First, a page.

Nike ran so that us mere mortals could walk.
It’s forward-thinking, it’s boundary-pushing, yet it’s also a brand that’s synonymous with nostalgia. We all remember the hype of showing off a fresh pair of Air Force 1’s to your mates, or that one baby photo where you’re all dressed up in a matching Nike tracksuit like an original ’90s trendsetter.
Cut to 2022, and the sportswear giant is celebrating its 50th anniversary – that’s half a century of pure innovation.
Extending their impact within communities across key cities in Europe, the Middle East, and Africa, the apparel activists are driving projects to create change as part of their ongoing, three-pillar initiative: People, Planet, Play.
Whether it’s working to enrich groups like Theatre Peckham or 100 Black Men of London through diversity and inclusion, playing its part to help restore the planet with sustainable solutions like upcycling via Nike Refurbished or creating the COVID-19 Community Youth Sport Fund to help kids impacted by the pandemic, Nike’s mission to shape a more equal and active future is integral to their purpose, guiding them now more than ever.
From London to Berlin and the Netherlands, too, here’s a look at three groundbreaking projects that Nike led in 2021, an enterprise offering not only vital funding and sustainable solutions but inspiration for future generations.
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Nike’s commitment to the Black community – which aims to advance equality and opportunities for Black people – has just touched down in London. See how Lewisham-based youth education organisation Elimu International is continuing to empower the city’s youth.
Lynette Nabbosa: founder at Elimu
First and foremost, our ongoing mission is to champion Black futures. Back in 2017, I started developing Elimu’s learning model with an aim to provide a platform where members could connect, learn, and thrive in their careers and finances.
Our launchpad pilot was essentially an entrepreneurship initiative that would help develop participants’ business ideas. In 2021, and with the help of Nike’s investment, we hosted a pitching competition where young hopefuls got the chance to improve their business planning, pitching, personal branding, and digital marketing expertise.
With the help of Nike’s funding, we’ve been able to reach more Black youth while preserving the wellbeing of our team, and have launched an online platform where members can connect with each other directly. We’ve successfully amplified our visibility, leading to offers of mentoring and work placements for our youth, andwe are so proud that we have also been able to recruit the support of other young Black entrepreneurs in our community.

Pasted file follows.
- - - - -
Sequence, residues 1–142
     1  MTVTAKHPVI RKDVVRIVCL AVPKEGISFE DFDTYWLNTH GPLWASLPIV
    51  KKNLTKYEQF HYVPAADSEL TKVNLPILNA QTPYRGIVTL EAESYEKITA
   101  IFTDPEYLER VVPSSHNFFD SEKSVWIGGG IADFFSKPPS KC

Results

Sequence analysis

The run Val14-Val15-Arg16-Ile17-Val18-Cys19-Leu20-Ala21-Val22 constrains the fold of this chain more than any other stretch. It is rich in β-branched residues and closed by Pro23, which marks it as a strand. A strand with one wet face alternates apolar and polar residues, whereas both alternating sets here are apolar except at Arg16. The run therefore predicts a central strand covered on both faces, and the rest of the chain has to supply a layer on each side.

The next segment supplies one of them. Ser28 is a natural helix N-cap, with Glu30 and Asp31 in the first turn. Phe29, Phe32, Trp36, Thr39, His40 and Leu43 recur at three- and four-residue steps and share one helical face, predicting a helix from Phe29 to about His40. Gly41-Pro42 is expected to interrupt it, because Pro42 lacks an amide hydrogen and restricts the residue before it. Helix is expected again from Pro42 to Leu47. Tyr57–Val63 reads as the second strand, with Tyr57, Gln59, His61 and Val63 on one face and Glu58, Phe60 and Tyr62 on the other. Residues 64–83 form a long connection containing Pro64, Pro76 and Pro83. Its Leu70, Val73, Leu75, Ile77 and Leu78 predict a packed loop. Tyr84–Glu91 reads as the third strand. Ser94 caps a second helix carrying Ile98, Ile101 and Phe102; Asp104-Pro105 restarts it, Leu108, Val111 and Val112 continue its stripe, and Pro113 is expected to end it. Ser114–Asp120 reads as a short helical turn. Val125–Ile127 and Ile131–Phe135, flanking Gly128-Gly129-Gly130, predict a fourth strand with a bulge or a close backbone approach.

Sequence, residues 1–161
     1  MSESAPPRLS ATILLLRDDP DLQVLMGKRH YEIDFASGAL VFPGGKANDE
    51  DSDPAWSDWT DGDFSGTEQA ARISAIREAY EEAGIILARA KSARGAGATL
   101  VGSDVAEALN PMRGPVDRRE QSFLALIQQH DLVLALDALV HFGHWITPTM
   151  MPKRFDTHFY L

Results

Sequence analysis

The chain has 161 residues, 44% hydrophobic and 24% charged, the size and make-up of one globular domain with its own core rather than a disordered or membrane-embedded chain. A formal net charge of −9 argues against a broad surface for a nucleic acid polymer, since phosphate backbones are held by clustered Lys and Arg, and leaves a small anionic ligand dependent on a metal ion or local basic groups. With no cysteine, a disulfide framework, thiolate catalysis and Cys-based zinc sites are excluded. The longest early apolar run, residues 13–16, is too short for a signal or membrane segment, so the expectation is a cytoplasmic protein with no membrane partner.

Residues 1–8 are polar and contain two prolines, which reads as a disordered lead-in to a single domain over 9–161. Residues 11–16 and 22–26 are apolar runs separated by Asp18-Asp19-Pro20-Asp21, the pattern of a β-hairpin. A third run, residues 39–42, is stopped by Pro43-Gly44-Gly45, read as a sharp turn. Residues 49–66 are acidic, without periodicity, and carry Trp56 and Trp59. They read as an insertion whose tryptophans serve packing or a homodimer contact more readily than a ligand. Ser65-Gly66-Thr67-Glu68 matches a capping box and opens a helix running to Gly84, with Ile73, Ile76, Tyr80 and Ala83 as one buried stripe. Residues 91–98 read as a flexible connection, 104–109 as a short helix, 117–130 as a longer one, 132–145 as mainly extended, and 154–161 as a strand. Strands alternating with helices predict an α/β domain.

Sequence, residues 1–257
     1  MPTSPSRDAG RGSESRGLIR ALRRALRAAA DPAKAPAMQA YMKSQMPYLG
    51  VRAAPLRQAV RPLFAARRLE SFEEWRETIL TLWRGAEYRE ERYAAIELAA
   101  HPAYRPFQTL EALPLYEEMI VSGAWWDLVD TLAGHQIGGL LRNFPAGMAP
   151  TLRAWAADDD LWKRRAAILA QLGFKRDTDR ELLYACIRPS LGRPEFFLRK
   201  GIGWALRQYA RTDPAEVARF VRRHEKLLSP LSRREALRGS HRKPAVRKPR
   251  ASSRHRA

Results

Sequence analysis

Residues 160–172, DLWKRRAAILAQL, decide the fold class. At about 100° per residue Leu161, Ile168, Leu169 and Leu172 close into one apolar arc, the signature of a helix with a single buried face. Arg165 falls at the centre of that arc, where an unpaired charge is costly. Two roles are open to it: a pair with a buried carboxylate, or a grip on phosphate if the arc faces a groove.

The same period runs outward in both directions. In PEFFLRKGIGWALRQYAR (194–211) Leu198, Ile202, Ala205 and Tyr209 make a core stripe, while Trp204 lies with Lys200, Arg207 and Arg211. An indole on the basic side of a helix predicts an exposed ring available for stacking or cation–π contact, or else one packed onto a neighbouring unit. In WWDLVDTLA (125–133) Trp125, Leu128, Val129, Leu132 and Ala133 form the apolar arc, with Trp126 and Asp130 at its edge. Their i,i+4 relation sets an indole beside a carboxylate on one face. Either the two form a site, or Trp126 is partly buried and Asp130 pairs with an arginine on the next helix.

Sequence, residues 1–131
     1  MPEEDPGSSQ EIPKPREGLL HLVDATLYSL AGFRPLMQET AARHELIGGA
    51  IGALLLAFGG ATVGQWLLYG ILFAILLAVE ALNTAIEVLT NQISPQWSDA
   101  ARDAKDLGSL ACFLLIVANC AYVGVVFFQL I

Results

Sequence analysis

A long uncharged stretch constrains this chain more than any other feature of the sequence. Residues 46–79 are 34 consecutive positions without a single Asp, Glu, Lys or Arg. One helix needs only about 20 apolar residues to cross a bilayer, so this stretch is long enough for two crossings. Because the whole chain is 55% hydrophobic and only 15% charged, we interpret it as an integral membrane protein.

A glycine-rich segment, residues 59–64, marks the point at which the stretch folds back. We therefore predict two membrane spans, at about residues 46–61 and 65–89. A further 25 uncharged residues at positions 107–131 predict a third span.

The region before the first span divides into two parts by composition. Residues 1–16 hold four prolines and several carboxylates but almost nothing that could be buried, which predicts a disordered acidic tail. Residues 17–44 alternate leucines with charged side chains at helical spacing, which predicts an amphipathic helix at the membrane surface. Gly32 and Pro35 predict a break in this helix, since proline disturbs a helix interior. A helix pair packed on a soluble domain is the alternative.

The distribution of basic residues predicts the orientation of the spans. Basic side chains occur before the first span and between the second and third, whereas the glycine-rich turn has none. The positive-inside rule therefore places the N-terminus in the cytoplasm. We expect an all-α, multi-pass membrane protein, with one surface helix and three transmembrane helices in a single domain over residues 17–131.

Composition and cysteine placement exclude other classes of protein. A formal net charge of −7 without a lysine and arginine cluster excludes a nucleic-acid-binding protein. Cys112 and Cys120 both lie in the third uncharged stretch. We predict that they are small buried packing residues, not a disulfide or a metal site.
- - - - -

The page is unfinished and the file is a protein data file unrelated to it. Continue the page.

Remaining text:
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New Life. Less waste. With a goal to work towards a circular future, Nike Refurbished is a sustainable initiative piloted in the Netherlands that takes pre-loved kicks, refurbishes them by hand, and resells them – just like new.
Noel Kinder: Nike Chief Sustainability Officer
At Nike we are obsessed with making products that help athletes get better and we want to make the planet better for athletes – that’s why sustainability is a key priority for us. My role as Chief Sustainability Officer is to create that vision and embed sustainability across the entire enterprise.
One of the many aspects to consider is how to extend the life-cycle of our products. For the past 30 years, we have been busy innovating with the likes of Nike Grind, and recently with Nike Refurbished – which is currently being piloted across select stores in the Netherlands. It’s a circular business model which allows consumers to access gently worn, expertly cleaned and refurbished footwear directly from Nike. The team at our European Logistics Campus is already inspecting and cleaning around 600 pairs of shoes a day.
We all have a role to play in combating climate change, and the faster we can collectively do more for the environment, the better it will be for generations to come.
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On your mark, get set, play! In partnership with Berlin’s buntkicktgut and The International Rescue Committee, Nike’s Berlin Kickt programme offers weekly football sessions to kids of all abilities and backgrounds, helping all kids access the power of play.
Julia Winkler: social educator at buntkicktgut berlin
I’ve been with buntkicktgut since 2017, and the Berlin Kickt project is now in its fifth year.
As part of the initiative, we provide weekly soccer training to six-to-12-year-old school students and focus on the joy of movement and achieving common goals. The instructors are young adults from the neighbourhood, often with a migration background themselves and from a similar peer group.
We’re finding that children are less and less visible in public spaces in the pursuit of athletic activities, even though the need for movement and development is a primary one. The desire for movement is not only anchored in the motor development process but also helps with perceptual skills and facilitates learning.
Playing sports together in a safe environment offers the opportunity to form bonds and thanks to Nike’s investment, at least 150 children a week get the chance to take part in a sports and exercise program that integrates refugees, health promotion, the empowerment of girls, and mobility enhancement. After all, the kids from today are the coaches of tomorrow.